Twin disc or roller on roller tribometer has been widely used for railway lubricants characterization by rail network research labs, industrial and academic tribology labs. The advantage of twin disc is that it allows larger contact area testing compared to a point contact in ball-on-disc (Ex. MTM Rolling-Sliding). Moreover, the rollers can be carved out of the rails and wheel, therefore the tests are closer to the field contact condition when compared to steel ball and glass disc/steel disc in a MTM type tribometer. Therefore, it will not come as a surprise when we read that twin disc is the preferred screening test method for R&D labs in EVRAZ (Russian Railways), ALSTOM, UK railways and Indian Railways. In this report, we will briefly describe a case study on twin disc test method and relevant metrics used to characterize “railway solid lubricants”.
What type of tribometers are used for screening rail lubricants?
Tribometers must enable test methods to simulate the key rail/wheel contact conditions. Five essential control parameters can be used in selection of a tribometer as described below.
Twin disc tribometer comply with all the five essential parameters required for railway lubrication research. Mini-Traction Machine or MTM is a ball-on-disc that can only comply with creepages and sensors enabling traction coefficient. However, the contact pressure is on a small point contact compared to the same contact pressure at larger area contact in twin disc tribometer.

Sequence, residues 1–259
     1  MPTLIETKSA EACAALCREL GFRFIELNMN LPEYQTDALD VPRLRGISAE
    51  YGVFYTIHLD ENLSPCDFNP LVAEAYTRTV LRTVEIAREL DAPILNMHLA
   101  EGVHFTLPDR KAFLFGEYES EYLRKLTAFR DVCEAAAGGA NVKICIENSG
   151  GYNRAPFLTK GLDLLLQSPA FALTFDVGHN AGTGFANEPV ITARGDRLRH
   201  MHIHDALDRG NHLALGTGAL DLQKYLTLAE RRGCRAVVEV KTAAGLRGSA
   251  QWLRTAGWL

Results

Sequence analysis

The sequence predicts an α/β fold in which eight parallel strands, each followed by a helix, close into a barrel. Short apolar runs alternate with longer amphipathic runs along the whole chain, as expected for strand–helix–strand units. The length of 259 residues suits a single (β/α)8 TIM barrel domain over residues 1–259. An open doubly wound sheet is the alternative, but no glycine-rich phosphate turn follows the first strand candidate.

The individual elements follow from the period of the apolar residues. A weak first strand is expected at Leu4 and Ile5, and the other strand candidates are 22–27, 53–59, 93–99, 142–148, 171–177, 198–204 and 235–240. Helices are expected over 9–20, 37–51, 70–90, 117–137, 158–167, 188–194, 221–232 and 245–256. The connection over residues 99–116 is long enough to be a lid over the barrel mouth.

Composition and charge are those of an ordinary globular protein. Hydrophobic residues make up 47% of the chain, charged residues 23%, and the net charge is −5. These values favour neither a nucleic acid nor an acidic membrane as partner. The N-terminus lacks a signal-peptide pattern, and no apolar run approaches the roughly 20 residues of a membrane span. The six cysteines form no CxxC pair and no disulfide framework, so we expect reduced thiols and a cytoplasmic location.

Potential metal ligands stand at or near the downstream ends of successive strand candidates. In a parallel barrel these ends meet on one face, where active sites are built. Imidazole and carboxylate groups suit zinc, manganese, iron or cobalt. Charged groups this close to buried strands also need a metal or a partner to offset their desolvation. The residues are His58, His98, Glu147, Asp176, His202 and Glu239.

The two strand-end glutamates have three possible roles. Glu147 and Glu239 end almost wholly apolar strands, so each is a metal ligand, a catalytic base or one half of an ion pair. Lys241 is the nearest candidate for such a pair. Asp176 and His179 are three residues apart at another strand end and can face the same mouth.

Figure 2. Traction coefficient and rail wear in twin disc tribometer for graphite or MoS2 based solid lubricant stick. (A)Evolution of traction coefficient over increase in creepage, (B) Changes in wear rate over increase in creepage.
Differentiate lubricant products based on retentivity, wear and traction curves using Ducom Twin Disc or Roller on Roller.
Institute of Railway Technology in Monash University (Australia) has designed a unique test method to characterize solid lubricants on Ducom Twin Disc or Roller on Roller Tribometer. A specialized solid lubricant stick holder is designed for controlled application of lubricant in contact with the top roller (carved from railway wheel). Creepages in the range of 0.1 to 20 % is achieved using two direct drive servomotors for top and bottom rollers. Pneumatic loading system is used to apply force in the range of 0.1 to 8 kN on the top roller that translates to a contact pressure range of 0.5 to 2.5 GPa. Retentivity, wear and traction curves were used in characterizing the solid lubricants. Retentivity is direct measure of longer product response time after lubricants ceased (see Fig. 1). Wear is measured in terms of mass loss of roller after the test. Traction curves were derived from in situ friction measurements at different creepages.